Arrests for Gay Sex Politically Motivated in Maldives

Human Rights Watch

Maldives authorities should drop cases against four men and cease investigations to identify others who may have engaged in consensual same-sex relations in steps that appear aimed to appease extremist groups, Human Rights Watch said today. The government should take immediate measures to repeal the provisions of Maldives’ 2014 penal code that makes “unlawful sexual intercourse” and “unlawful sexual contact” criminal offenses, contrary to international human rights standards.

Police in the Maldives said they are investigating dozens of individuals and have sought to frame charges against three men arrested on July 28, 2022, including a police officer and the brother of a prominent politician, Mohamed Nasheed, who is a former president and current speaker of parliament. The inquiries and arrests were apparently based on leaked videos and screengrabs that allegedly depicted the men having sex with a Bangladeshi man, who had been arrested on July 12. If convicted, the men face up to eight years in prison and 100 lashes.

“The Maldives authorities should immediately drop the unjust and apparently politically motivated investigations, and instead abide by international standards on rights protections,” said Graeme Reid, director of the Lesbian, Gay, Bisexual, and Transgender Rights Program at Human Rights Watch. “The government should repeal laws criminalizing consensual same-sex relations, which discriminate against lesbian, gay, bisexual, and transgender citizens, migrants and tourists, and are a recipe for abuse.”

Police launched investigations after a number of videos and screengrabs were leaked on social media. The Bangladeshi national was arrested for engaging in unlawful sexual conduct and for allegedly making the video recordings. International human rights law obligates the state to provide him free legal counsel since he cannot afford a lawyer.

The police then summoned and questioned the three men who were identified in the videos and they were subsequently arrested. In a media interview, the Commissioner of Police, Mohamed Hameed, said that 38 people had been identified as having had same-sex relationships with the Bangladeshi man, and that they would all be prosecuted after investigation. The authorities have seized the passports of 18 people linked to these police investigations.

The arrests occurred while the Maldives government is facing backlash from extremist Islamist groups for detaining over 20 people, including two religious leaders and a former member of parliament for their alleged involvement in a violent attack on an event celebrating International Yoga Day on June 21. These groups deemed the event, attended by government officials and foreign diplomats, as heretical, a celebration of idolatry or polytheism. On July 25, the Adhaalath party – a partner in the ruling coalition whose leader is the minister of home affairs – declared yoga forbidden.

Prior to the arrest of Mohamed Nasheed’s brother, opposition supporters, as well as Islamist groups, had been using social media to pressure the government about its arrests for the Yoga Day attacks while taking no action against the people allegedly involved in the leaked videos.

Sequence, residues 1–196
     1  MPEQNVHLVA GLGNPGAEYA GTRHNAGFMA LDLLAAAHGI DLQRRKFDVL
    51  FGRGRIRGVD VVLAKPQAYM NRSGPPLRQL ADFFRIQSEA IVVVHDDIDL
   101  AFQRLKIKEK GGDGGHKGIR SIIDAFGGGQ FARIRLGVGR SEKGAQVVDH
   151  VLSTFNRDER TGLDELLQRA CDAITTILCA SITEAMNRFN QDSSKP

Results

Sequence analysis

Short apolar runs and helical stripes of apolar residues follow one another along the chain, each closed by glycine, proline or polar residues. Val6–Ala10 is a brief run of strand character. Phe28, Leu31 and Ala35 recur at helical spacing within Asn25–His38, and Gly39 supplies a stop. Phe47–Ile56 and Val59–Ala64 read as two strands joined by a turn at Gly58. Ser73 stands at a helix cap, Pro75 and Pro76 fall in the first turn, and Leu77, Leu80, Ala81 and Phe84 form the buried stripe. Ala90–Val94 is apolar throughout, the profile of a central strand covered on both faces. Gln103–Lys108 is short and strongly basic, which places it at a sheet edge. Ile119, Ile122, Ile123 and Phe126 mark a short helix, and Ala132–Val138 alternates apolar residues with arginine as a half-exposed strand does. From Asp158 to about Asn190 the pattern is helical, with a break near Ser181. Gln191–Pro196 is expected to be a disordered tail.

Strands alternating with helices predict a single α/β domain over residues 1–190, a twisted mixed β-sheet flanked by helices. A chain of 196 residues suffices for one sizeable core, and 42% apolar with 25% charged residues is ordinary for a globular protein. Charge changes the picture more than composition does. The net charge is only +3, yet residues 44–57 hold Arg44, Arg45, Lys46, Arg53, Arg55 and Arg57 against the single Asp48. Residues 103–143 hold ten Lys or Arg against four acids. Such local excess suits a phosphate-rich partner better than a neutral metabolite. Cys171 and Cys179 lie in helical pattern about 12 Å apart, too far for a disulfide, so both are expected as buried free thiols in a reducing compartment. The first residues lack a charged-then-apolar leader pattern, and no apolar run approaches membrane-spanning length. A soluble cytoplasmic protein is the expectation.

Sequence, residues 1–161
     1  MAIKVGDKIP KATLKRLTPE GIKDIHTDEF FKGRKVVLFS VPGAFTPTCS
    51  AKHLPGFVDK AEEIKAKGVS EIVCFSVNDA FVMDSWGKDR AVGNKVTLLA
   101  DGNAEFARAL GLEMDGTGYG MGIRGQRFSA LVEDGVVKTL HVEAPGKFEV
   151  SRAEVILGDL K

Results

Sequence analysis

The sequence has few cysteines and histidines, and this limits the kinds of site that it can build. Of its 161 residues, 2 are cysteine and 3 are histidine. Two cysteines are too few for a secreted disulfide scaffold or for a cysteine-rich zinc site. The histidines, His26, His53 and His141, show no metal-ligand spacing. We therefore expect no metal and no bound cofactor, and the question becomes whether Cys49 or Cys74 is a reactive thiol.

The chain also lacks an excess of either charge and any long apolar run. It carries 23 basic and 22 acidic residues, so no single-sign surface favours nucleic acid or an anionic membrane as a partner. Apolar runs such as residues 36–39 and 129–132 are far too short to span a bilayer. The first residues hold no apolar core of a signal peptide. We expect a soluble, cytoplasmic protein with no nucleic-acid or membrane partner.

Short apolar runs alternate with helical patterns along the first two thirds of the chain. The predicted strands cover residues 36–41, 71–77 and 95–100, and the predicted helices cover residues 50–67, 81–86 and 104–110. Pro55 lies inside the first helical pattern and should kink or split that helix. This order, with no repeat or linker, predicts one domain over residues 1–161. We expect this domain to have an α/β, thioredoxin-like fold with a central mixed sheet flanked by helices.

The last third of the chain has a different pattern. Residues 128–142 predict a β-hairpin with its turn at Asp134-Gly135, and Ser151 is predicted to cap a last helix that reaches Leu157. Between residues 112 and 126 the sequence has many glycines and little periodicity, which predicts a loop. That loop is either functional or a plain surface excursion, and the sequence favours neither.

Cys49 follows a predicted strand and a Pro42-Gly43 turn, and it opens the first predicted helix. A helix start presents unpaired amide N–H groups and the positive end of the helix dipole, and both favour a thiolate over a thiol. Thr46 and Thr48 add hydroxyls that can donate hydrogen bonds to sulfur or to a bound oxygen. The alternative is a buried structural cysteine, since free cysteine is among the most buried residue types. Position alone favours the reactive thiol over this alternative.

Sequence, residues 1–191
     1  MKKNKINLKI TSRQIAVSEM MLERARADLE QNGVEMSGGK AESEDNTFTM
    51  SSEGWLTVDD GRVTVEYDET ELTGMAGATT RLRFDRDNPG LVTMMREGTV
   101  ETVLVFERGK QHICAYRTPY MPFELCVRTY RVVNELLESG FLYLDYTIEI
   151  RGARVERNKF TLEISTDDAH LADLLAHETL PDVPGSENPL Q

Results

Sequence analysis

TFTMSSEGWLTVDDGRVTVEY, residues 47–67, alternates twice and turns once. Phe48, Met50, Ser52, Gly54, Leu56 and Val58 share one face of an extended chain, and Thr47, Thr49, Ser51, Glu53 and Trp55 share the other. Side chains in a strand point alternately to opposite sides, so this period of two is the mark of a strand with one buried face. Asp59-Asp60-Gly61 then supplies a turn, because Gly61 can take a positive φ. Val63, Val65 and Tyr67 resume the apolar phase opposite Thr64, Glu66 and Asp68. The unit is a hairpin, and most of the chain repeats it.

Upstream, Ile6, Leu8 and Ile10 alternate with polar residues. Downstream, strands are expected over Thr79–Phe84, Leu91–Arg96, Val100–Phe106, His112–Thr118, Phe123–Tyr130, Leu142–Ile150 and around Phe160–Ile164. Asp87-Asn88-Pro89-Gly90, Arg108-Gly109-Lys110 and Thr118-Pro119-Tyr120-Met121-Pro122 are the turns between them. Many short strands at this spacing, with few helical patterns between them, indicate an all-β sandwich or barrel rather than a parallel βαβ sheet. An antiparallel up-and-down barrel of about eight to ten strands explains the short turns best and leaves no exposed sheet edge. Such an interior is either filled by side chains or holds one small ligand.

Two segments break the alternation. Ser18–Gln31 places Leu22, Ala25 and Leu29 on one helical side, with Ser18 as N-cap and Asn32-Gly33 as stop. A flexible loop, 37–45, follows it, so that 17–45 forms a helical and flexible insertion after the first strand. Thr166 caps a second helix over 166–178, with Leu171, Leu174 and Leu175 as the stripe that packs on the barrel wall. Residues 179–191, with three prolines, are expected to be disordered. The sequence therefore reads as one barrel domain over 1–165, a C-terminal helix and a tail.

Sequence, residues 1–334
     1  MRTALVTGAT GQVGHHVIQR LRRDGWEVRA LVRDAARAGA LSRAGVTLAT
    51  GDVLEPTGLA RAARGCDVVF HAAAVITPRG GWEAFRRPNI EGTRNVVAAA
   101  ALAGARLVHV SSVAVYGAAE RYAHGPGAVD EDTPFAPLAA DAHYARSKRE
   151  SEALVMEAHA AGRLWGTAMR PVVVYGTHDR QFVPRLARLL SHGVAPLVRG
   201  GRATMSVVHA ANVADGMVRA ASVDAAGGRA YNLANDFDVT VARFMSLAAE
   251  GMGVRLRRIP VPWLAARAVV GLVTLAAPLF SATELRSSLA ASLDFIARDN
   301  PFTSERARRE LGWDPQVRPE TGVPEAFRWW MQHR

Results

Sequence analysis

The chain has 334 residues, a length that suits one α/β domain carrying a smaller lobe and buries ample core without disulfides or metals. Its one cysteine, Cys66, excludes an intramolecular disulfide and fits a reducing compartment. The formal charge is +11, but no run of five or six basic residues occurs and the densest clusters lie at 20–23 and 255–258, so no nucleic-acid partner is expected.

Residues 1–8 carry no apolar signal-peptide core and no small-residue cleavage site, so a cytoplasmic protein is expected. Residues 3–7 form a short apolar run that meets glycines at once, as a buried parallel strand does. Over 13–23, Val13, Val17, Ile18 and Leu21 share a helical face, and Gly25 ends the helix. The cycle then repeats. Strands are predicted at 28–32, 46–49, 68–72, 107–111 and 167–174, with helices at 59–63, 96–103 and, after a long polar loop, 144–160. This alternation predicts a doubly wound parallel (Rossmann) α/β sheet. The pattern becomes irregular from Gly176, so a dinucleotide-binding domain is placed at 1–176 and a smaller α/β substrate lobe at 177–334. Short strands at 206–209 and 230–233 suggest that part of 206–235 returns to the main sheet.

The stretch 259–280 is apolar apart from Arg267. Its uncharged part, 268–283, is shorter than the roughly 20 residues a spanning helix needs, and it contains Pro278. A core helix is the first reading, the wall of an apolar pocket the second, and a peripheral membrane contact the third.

The administration of President Ibrahim Solih has failed to credibly address threats to free expression and other rights by Islamist groups, Human Rights Watch said. The administration has neglected other essential reforms, leaving the justice system vulnerable to pressure from powerful interest groups, including groups that advocate violence against critics of the government.

In May 2021, Nasheed was critically injured in an assassination attempt, for which he blamed on religious extremists. He has recently criticized the Solih administration for appeasing the Adhaalath party.

Prior to the reform of the Maldives penal code in 2014, same-sex relationships were only regulated under Sharia, or Islamic law. Under the revised penal code, section 411(a)(2) punishes “sexual intercourse with a person of the same sex” with up to eight years in prison, while section 411(d) stipulates an additional penalty of up to 100 lashes under Sharia. Section 412 prohibits unlawful sexual conduct with a penalty of up to eight years. These provisions are applicable to both men and women.

Criminalizing adult consensual same sex-conduct contravenes broadly accepted international legal standards. Arrest for consensual same-sex relations is arbitrary. Laws against same-sex conduct make people easy targets for blackmail, extortion, and political manipulation. Even when not enforced, such laws have a chilling effect on same-sex activity.

Consensual sexual relations are protected under the human right to privacy and nondiscrimination, and the right to be protected against arbitrary and unlawful interference with an individual’s private and family life and their reputation or dignity. Criminalizing same-sex intimacy violates these international norms and standards, as affirmed by the United Nations Human Rights Committee, which monitors compliance with the International Covenant on Civil and Political Rights, and by the UN independent expert on sexual orientation and gender identity.

“The arrest of four men for consensual same-sex conduct shows the arbitrary nature of these discriminatory laws,” Reid said. “The law leaves people open to blackmail and other abuse, and easily becomes a political tool in which those prosecuted bear the brunt of the abuse. The government should repeal the laws immediately.”

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